Hustling hobbies from passion to pressure

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Whether your hobby is painting, embroidering, or collecting stamps, you don’t need an Etsy store to validate how you spend your time.

Slate recently published a piece about “hustle culture,” which pushes young people to monetize their passions. The current rise-and-grind generation has been raised by adults who want their children to build their careers doing what they love.

This can take many forms, from selling cross-stitching on commission to turning a love of knitting into a designer label. Profiting from what you love can be a tremendously positive endeavour.

Satisfaction in your professional life goes a long way toward personal happiness. Young people today struggle with millennial burnout as a result of their obsession with achievement and competition.

Constant pressure to turn your time and energy into LinkedIn entries can funnel time away from passions and skills that bring people relaxation.

If a person can earn an income from activities they enjoy—whether it serves as their main income source or a side hustle—they may find themselves more satisfied and empowered by their professional accomplishments, facing less risk of burnout.

However, while many are lucky enough to turn their hobbies into work, it’s unrealistic for every person to do so, and that expectation should be moderated.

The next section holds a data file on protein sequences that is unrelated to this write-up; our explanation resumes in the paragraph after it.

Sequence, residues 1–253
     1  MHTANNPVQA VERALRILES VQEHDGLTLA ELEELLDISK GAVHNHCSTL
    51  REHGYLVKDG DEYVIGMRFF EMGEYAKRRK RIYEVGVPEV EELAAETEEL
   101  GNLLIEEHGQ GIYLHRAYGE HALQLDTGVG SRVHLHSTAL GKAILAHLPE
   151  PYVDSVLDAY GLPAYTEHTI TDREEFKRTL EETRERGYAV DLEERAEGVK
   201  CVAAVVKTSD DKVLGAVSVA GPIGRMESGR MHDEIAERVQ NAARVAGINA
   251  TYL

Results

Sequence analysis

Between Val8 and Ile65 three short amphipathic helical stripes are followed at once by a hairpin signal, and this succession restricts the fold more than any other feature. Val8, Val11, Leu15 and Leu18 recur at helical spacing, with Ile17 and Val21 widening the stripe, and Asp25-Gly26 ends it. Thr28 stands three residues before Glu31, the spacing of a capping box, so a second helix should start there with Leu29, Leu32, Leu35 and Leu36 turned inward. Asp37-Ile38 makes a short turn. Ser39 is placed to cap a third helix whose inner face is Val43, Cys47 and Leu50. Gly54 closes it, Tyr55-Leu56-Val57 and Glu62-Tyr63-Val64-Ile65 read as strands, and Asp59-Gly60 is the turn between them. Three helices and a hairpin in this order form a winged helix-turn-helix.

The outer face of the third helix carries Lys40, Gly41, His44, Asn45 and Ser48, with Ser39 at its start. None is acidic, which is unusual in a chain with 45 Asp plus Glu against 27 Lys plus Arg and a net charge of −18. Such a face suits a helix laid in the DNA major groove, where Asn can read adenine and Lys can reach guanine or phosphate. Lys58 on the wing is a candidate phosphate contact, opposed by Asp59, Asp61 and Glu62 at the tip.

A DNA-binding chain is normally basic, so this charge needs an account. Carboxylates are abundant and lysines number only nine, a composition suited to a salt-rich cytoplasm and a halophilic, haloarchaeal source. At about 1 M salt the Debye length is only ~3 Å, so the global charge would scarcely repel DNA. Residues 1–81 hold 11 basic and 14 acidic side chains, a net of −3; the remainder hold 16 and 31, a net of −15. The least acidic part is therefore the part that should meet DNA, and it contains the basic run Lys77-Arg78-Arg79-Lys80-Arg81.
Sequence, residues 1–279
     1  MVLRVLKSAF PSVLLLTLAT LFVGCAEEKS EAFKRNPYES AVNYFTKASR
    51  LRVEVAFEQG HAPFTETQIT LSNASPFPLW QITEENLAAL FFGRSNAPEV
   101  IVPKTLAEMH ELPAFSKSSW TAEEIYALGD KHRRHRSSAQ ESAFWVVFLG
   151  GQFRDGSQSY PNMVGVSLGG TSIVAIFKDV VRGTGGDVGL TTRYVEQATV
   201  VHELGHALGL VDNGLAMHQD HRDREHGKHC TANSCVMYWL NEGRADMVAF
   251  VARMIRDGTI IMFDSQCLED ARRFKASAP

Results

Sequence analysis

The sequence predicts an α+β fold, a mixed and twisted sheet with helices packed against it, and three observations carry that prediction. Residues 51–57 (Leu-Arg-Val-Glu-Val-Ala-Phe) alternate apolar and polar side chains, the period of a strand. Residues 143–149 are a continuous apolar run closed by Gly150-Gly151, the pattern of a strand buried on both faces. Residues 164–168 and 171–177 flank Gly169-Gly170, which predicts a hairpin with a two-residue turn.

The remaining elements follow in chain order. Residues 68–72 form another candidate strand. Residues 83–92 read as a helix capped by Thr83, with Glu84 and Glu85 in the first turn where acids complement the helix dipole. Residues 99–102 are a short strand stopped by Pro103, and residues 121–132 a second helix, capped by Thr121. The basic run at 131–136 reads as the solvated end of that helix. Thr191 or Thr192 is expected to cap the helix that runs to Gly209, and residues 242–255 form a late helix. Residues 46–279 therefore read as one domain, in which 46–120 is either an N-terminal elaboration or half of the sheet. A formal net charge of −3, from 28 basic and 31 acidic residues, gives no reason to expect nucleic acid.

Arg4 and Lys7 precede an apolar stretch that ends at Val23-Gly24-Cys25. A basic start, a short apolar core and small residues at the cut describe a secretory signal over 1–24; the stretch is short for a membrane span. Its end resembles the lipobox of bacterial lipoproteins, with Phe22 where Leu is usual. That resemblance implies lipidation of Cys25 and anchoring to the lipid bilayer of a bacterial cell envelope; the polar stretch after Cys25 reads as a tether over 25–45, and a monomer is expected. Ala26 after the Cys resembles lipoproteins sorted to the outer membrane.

The habit of turning hobbies into full-time work shows passion and creativity. But it also shows increasing economic precarity for youth. People are being driven to become self-made entrepreneurs, but not everybody can reach Elon Musk’s level of success.

Some hobbies are more profitable than others. Not every person will be successful selling their wares in the same way not every start-up or business concept will be successful.

Monetizing our spare time can be dangerous. It encourages a culture of relentless busyness that can strip the joy from hobbies in a person’s pursuit of financial success. An artist forced to only paint family portraits on commission might be taking time, energy, and resources away from subjects that inspire them.

We should better appreciate the boundary between workplace responsibilities and leisure activities. When you feel forced to blur the line between the two, your work can become your life and you might begin to dread what you love.

Efficiency doesn’t have to be the bottom line. Our hobbies aren’t only worth our time when they’re financially productive.

Instead of measuring happiness by paystubs alone, we need to remember the purpose of hobbies: keeping people fulfilled, creative, and balanced.

Not every stress-baker needs to open a bakery. Turning your passion into profit should be seen as an option, not a rule. 

—Journal Editorial Board

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